Voice/Vision Holocaust Survivor Oral History Archive

Nancy Fordonski - May 29, 1982

Conditions on Train

There was--did they give you a pot or a pail? On the cattle car. Did they give you, when you went into the cattle car, they gave you no food or water, you said.

Yeah, yes.

Did they give you a pail or something in order to go to the bathroom?

There was a big pail like a garbage can. So uh, whatever everybody had to do, they just went over and they made.

Was it ever emptied?

Not that I can recall.

Didn't it fill up at some point? Oh.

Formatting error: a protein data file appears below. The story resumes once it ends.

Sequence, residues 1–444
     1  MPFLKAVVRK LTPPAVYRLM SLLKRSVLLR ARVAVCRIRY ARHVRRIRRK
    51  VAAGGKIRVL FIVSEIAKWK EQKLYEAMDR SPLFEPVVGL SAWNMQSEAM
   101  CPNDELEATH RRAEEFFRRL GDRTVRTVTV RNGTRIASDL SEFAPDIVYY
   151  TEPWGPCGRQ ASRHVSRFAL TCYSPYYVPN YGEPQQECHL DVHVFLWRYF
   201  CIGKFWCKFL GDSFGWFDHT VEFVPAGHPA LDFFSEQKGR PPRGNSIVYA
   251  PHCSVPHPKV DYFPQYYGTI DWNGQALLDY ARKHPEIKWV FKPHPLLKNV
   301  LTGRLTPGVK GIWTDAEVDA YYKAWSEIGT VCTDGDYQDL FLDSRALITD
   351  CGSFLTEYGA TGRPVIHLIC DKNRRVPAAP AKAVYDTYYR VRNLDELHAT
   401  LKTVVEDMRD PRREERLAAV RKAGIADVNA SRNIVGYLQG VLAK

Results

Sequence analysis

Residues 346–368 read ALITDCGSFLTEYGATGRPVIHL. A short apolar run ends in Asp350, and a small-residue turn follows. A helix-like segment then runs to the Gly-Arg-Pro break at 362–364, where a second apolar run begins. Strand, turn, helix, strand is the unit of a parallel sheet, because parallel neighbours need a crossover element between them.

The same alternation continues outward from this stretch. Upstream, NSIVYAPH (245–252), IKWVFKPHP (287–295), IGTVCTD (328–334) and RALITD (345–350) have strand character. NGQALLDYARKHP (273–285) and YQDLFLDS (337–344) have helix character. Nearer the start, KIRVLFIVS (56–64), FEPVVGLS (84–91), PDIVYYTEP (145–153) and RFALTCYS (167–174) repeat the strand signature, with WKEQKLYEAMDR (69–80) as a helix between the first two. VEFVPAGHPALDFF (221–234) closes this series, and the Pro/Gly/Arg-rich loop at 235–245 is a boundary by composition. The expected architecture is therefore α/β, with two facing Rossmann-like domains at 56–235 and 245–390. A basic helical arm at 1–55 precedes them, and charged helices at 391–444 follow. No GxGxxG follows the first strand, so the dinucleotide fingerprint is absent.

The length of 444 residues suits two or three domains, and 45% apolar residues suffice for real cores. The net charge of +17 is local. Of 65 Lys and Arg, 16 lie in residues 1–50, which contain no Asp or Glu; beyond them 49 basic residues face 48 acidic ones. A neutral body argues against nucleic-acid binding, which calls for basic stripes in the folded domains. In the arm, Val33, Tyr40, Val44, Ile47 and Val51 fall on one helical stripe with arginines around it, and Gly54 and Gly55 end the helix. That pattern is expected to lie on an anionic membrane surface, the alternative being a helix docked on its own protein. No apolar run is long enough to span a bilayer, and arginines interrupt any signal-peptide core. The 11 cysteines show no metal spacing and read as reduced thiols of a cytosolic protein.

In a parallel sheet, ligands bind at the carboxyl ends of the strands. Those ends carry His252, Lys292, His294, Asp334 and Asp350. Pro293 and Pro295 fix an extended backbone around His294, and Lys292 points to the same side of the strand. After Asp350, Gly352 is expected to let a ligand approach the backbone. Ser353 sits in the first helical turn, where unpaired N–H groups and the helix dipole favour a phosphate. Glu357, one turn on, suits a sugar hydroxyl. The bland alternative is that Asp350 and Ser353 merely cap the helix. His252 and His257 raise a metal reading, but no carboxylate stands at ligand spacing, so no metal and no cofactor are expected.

And early in the morning they opened up the doors and they were letting us out. This was a scene that it looked like a graveyard because there were so many between us--dead people and we didn't even realize being all that time together, they were staying next to us or laying in front of us, we thought that they were just sleeping or resting. In the meantime they were dead. How many there were, I don't know because everybody was so occupied with themself, that we just had to go on. And the one what couldn't jump down from the train and had to be pulled out, was, or was dead already, or they were so sick that 'til now I don't know what happened to them. And we went--they took us to a special place they called Marysin. This was already in Łódź. They called it Litzmannstadt. We were Marysin quite for a few days. They put us into barracks. I don't know how many people were in a room. I really didn't care. I was just concerned that I'm with my sister. And then see what's will go on further. I forgot before to mention, it just came to me again, that when the segregation was on the cemetery in Zdunska Wola there was with me, with the family was my older sister, Rivka, with her husband, Meyer, and with two children. The children were taken away a few hours before just the same time when my younger sister was taken away. And the same thing happened with my sister, Luba. She had two children also. But they were too young to take them that time when they said they are going to a day camp or whatever. And she didn't deliver them. She was still with them when we went to the cemetery for that main segregation.


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